1. BEST PERFORMANCE
Conductors can’t be pop heroes these days, when orchestras are supposedly lumbering into extinction. Nobody seems to have told Gustavo Dudamel, or the Simón Bolívar Youth Orchestra, or the citizens of Venezuela, a substantial number of whom showed up last month to hear a crackling Beethoven’s Fifth. A few weeks later, Dudamel, the 26-year-old music-director designate of the Los Angeles Philharmonic, was back to make his New York Phil debut and prove that he could galvanize his elders as well.
2. BEST REGIME CHANGE
Alan Gilbert at the Philharmonic
We’ll already be getting tired of the next president before Alan Gilbert takes over the New York Philharmonic in 2009, but even now you can feel the future stirring. The 40-year-old grew up here, both his parents playing in the violin section. In recent years, he has regularly guest-conducted Mom and Dad’s colleagues, and each time the relationship audibly deepened. Last spring, he masterfully guided the orchestra through György Ligeti’s scary, gorgeous Violin Concerto. He’s back in March, not as guest but as boss-in-waiting.
3. BEST TIP OF THE HAT FROM ONE CULTURE CAPITAL TO ANOTHER
Berlin In Lights
In November, New York— led by Carnegie Hall—treated Berlin as a prodigal fatherland, importing Weimar songs, agitprop, beard-stroking avant-gardism, multiethnic electronica, and, of course, symphonies, courtesy of the ever-triumphant Berlin Philharmonic. Then there were exhibits, panels, screenings—a battery of programs that made one think with a chuckle: Where but in New York? Oh, right: Berlin.
4. BEST OPERA PERFORMANCES
Janácek’s opera offers abundant village misery, but Karita Mattila made a joyous evening of it by bringing to the title role her unerring ferocity and resignation. In this case, she shared the stage with the formidable sexagenarian soprano Anja Silja, who sang Jenufa’s stepmother. Silja, as famous for her marriages and miniskirts as for her outsize soprano, has found the perfect role for her second act. Together, the women gave off a steel mill’s worth of sparks.
5. BEST NEW TALENT
Nico Muhly at Zankel Hall
The music that Nico Muhly loves rings clearly through his style of nonchalant invention: English Renaissance choral music, sixties minimalism, lush electronica, and dense, bleak, intellectual pop. But he’s not mired in influence, and Muhly has the confidence to start a piece slowly and let it gradually achieve insanity.
6. BEST REDISCOVERY
Iphigénie en Tauride
A century ago, Christoph Gluck was considered opera’s old master, and Iphigénie en Tauride his autumnal masterwork. The Met finally staged it in 1916 (137 years after its premiere) and left it alone till now. Steven Wadsworth’s staging was without weaknesses, but its principal pillars were conductor Louis Langrée; the mezzo-soprano Susan Graham as Iphigénie, owning the role; tenor Paul Groves; and Plácido Domingo, now in his fourth or fifth heyday.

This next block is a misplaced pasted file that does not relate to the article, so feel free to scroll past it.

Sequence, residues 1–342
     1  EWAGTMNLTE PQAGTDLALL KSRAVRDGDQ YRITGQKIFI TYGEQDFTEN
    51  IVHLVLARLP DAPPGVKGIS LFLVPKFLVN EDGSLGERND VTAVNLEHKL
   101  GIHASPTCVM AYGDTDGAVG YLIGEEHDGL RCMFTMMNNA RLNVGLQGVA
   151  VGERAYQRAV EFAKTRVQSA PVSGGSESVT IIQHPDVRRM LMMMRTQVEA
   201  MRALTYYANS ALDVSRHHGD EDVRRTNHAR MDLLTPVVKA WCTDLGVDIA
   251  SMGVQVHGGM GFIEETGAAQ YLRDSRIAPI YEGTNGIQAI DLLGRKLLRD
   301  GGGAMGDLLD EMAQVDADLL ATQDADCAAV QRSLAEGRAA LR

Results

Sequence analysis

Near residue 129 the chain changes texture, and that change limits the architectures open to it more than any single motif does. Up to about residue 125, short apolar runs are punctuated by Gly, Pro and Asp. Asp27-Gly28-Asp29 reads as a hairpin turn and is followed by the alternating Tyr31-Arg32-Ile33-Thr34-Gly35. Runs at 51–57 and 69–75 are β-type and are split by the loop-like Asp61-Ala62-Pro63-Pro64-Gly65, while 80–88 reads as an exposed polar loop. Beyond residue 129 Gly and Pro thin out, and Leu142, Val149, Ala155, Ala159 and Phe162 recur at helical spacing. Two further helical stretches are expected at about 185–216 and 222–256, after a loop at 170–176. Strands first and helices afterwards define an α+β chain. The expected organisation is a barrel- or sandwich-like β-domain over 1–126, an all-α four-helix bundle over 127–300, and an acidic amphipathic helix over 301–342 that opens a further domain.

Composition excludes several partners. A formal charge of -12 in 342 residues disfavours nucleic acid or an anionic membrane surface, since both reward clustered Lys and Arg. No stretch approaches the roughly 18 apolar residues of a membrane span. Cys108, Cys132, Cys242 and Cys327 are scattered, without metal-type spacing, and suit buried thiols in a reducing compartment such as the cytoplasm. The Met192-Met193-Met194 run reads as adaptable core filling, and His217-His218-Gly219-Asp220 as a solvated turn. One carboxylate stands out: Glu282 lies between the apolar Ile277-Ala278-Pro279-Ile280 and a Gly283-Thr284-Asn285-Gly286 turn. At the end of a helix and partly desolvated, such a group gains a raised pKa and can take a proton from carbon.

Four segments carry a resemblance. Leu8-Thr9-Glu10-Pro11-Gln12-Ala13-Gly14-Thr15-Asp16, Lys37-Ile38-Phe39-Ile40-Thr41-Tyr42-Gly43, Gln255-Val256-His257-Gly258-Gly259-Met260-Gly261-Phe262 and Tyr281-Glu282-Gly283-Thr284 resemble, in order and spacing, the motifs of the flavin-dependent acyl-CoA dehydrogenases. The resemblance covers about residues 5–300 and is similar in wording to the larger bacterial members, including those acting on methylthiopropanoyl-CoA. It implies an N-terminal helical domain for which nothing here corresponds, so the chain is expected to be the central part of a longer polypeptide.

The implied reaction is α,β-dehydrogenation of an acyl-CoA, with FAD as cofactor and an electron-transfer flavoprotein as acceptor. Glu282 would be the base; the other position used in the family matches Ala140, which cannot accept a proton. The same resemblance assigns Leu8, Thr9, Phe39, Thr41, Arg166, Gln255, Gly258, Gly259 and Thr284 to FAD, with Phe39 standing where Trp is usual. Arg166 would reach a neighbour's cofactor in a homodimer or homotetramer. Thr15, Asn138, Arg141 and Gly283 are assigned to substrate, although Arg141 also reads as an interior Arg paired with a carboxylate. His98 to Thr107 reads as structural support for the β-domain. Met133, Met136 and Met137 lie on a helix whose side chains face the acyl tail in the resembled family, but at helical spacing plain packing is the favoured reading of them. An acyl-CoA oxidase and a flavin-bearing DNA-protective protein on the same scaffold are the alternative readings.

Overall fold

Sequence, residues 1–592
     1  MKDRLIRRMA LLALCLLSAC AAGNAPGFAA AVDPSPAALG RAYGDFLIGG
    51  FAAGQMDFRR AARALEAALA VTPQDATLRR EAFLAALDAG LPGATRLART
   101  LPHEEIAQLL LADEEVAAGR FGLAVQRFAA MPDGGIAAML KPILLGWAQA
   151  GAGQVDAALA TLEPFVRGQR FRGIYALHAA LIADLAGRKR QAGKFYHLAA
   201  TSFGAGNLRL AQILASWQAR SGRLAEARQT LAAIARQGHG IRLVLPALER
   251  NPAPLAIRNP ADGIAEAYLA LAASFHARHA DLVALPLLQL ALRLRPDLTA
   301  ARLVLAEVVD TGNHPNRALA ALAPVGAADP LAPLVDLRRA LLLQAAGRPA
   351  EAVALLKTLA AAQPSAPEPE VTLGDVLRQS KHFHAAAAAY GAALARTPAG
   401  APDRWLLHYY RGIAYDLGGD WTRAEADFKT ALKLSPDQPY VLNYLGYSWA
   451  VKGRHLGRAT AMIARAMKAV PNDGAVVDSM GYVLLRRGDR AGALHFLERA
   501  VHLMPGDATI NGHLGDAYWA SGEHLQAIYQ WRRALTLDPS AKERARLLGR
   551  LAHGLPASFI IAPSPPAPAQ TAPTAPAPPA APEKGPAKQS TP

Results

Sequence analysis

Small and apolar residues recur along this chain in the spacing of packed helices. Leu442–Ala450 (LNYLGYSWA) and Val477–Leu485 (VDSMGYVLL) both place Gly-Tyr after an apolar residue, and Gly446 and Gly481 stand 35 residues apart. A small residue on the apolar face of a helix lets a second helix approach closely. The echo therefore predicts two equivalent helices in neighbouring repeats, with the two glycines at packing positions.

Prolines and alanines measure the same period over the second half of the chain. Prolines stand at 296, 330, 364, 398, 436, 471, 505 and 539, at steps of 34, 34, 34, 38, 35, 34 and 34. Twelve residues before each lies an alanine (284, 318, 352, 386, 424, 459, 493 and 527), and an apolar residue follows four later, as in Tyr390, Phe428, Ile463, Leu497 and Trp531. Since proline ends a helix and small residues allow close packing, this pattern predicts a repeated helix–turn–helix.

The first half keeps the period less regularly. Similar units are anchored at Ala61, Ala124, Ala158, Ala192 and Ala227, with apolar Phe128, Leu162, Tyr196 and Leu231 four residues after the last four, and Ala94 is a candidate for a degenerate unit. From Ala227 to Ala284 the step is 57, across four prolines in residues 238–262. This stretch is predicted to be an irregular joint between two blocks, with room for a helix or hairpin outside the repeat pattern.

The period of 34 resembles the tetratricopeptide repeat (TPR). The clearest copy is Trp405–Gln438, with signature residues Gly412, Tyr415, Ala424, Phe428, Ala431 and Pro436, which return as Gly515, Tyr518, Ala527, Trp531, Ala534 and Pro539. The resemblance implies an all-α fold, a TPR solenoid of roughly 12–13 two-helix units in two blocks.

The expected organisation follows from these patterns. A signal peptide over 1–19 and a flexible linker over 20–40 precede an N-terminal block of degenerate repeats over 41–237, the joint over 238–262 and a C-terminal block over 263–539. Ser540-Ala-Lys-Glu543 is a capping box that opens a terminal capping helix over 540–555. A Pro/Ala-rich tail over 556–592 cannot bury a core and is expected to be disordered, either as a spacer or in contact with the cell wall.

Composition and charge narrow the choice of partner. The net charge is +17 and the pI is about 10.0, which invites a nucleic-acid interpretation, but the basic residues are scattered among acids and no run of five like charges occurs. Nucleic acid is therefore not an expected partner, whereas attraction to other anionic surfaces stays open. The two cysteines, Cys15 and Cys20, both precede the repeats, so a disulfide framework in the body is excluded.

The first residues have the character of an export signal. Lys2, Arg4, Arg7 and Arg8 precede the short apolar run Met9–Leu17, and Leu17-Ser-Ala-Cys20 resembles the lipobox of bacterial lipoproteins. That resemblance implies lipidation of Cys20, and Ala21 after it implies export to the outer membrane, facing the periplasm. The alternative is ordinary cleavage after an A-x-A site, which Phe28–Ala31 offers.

7. BEST SOUNDTRACK
Last January, a few hundred people gathered at the Angel Orensanz Foundation on the Lower East Side to let the world melt away. Bill Morrison’s 2002 assemblage of fading film ran on three screens, wrapping viewers in an elegy for all that crumbles. Michael Gordon’s soundtrack, on the other hand, is driving and unsentimental, building from a harsh pulse to a violent howl. Decasia is about endings, but a follow-up, Dystopia, opens in L.A. next month and will surely slouch east soon.
8. BEST CD FROM AN UNEXPECTED SOURCE
Grand Valley State New Music Ensemble: Steve Reich, Music for Eighteen Musicians
When a 1976 work became the obsession of a group at Grand Valley State University in Michigan, it was clear that New York had lost its exclusive on Steve Reich. After rehearsing for eight months, they not only came to Manhattan to perform but even recorded it. The result proves (1) that what one person hears as a caffeinated urban pulse, another hears as the rhythm of the flatlands, and (2) that a bunch of midwestern kids can play Reich better than he can.
9. BEST ORGANIST
New York has an overlooked abundance of fine pipe organs, and a phenomenal organist in Paul Jacobs, the youthful-looking chairman of the organ department at Juilliard. For audiences as small as two dozen, Jacobs has played the complete organ works of Bach and Messiaen in marathons. But on one night in October, he bewitched a blissed-out gathering in a Times Square church with Messiaen’s Livre du Saint Sacrément.
10. BEST MULTIMEDIA REINVENTION
The Tristan Project
Richard Wagner was the nineteenth century’s virtuoso of slow motion; the video artist Bill Viola is ours. The multimedia concert of Wagner’s Tristan und Isolde imported by the L.A. Philharmonic elegantly solved the problem of what to look at during all that music. Viola sometimes trusted too much in the allure of super-slo-mo images, but he more than made up for it with stretches like the final one, when Tristan’s corpse lifts off its slab, accompanied by a rush of water, and goes spinning off into a vaporous spray of light.
When the cello prodigy and Columbia grad made her Mostly Mozart debut playing Osvaldo Golijov’s ecstatic Azul, the composer had finished a major rewrite just days earlier, but Weilerstein sounded like she had spent a lifetime with the work.
The Kirov Opera’s Der Ring des Nibelungen
The Kirov’s visit last summer transcended all categories of badness. Lumpy brown gods hung overhead like papier-mâché made by giant second-graders. The Valkyries wore tinfoil hats. Small people pushed around smaller humanoid lumps that flickered like McDonald’s freebies. Watching this garish murk felt like rubbernecking.